For Zersenay Tadese, perhaps more than any other athlete who will line up for Monday’s Boston Marathon, the 26.2-mile distance continues to prove the ultimate test of patience.
Tadese, 33, has been one of the best distance runners in the world for over a decade now, with a World Cross Country title, World Half Marathon title and Olympic 10,000m bronze medal to his name. However, for all his achievements, the ability to master the marathon is the one thing that continues to elude his grasp.
Make no mistake, though, Tadese is reaching – stretching the limits of his durability in a bid to finally grasp world class marathoner status. So far, though, he has only been a shadow of his shorter-distance self whenever he has tackled the distance.
In 2010, he finished a distant 7th in the London Marathon, running 2:12:03. Having not taken on anything but water throughout the race, he found his energy tank hitting the red zone long before he reached the finish on the Mall.
Three years later, he finished a lowly 14th in London in 2:10:41. In Chicago, two years ago, he didn’t even reach the finish, his race disintegrating swiftly after being forced to take a number of pit stops in the opening miles due to stomach problems.
He has so far run four marathons and Monday’s race, his fifth, will be first time tackling Boston. Tadese is confident that this time, things will be different. “I have prepared well,” he says, “better than any marathon ever.”
Since November, famed Italian coach Renato Canova has been coaching the elf-sized Eritrean, trying to convert his turbo engine – which has taken him to PB’s of 26:37 for 10,000m and 58:23 for the half marathon – into more of an efficient, slow-burning marathon machine.
It’s taken an absurd amount of work, and indeed an absurd amount of miles, but Tadese is enjoying the process. “He’s nice,” says Tadese about coach Canova, who took over the reigns from Jeronimo Bravo, the Spaniard who had coached the Eritrean for many years before.
“I’ve been running 250 to 300km [155 to 186 miles] per week,” said Tadese, through his agent and interpreter Julia Garcia. Most of those miles have been logged at 2,300m altitude in Asmara, the Eritrean capital, alongside a group of other elite countrymen including Samuel Tsegay and Teklemariam Mehdin, who have different coaches but regularly join forces with Tadese for group workouts.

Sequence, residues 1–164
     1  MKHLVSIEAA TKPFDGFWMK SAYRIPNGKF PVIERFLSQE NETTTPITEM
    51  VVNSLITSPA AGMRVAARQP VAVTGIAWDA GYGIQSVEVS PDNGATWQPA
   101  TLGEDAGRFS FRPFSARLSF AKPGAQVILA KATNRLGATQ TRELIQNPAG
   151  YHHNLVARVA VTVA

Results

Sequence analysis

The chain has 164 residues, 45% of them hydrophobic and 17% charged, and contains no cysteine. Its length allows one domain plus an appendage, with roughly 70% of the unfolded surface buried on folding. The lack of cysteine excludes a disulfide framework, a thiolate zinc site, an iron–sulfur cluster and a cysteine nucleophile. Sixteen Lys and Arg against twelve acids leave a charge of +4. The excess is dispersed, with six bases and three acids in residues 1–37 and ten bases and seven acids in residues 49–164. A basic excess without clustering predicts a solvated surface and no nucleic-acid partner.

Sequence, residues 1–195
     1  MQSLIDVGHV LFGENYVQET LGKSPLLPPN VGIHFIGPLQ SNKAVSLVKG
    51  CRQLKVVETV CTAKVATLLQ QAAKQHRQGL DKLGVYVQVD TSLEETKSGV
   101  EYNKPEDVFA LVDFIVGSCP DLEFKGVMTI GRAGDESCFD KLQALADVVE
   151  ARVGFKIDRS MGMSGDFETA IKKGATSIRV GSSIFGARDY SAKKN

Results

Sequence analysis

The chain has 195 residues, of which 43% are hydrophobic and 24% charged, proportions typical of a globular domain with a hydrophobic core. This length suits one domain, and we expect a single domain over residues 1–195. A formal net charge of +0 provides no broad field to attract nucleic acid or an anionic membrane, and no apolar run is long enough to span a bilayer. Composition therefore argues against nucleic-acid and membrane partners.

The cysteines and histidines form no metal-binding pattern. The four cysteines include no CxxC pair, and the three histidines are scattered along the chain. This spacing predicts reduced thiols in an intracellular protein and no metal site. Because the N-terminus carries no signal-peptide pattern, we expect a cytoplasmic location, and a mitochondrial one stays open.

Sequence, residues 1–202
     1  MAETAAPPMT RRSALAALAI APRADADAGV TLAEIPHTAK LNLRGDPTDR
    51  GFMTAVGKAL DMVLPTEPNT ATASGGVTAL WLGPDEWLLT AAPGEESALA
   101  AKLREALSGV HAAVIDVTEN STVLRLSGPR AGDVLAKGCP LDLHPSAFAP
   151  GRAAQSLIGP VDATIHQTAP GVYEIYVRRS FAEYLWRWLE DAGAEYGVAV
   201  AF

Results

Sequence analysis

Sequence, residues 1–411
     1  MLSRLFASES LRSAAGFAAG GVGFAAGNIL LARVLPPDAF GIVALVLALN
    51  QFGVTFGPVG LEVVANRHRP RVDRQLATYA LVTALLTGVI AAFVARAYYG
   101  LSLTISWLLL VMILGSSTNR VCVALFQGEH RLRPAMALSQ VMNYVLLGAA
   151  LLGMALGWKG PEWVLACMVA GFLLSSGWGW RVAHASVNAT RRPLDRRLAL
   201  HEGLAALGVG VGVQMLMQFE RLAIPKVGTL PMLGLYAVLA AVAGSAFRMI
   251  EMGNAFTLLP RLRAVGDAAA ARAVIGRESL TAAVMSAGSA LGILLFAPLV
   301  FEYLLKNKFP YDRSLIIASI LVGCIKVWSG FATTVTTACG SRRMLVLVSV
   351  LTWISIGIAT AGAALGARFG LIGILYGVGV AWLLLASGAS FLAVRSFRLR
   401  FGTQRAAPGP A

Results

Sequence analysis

“The marathon is so different,” he says. “The training is so different to when you’re training for 10,000m or half marathon, but I have done many kilometres.”
On Monday, his plan is to put all that mileage to good use; Tadese plans to go with the leaders for as long as his body allows, and hopefully wind up on the podium for the first time in a marathon. It’s somewhere he’s used to being when it came to cross country, 10Ks, half marathons, but every time he’s tried to get there in the marathon, so far at least, he’s been reduced to an also-ran.
He hopes Boston, with its undulating course – something like a 26.2-mile cross country race on the road – will play to his strengths. “I feel it’s perfect for a cross country runner,” he says. “In the past many cross country runners got good results here.”
Tadese has also ensured to repeatedly practise taking on energy drinks in training, something that should help him combat the depletion he faced in his first two marathons. He’ll find out on Monday whether the change in preparation has paid off.
Beyond Boston, Tadese wouldn’t be drawn on whether he’ll return to two of his old favourites, the 10,000m and cross country, though much of that may depend on Monday’s race. For now, the marathon is all he’s thinking about, and it will likely stay that way up until the 2016 Olympics.
To get there, though, and to turn himself into a medal contender, he needs a good run in Boston. So far, the marathon experiment has been one that always ended in a combination of confusion and disappointment, but if there’s one thing the marathoner requires to succeed, it’s patience.
For Zersenay Tadese, though, he’s getting a little tired of waiting. The time is now.
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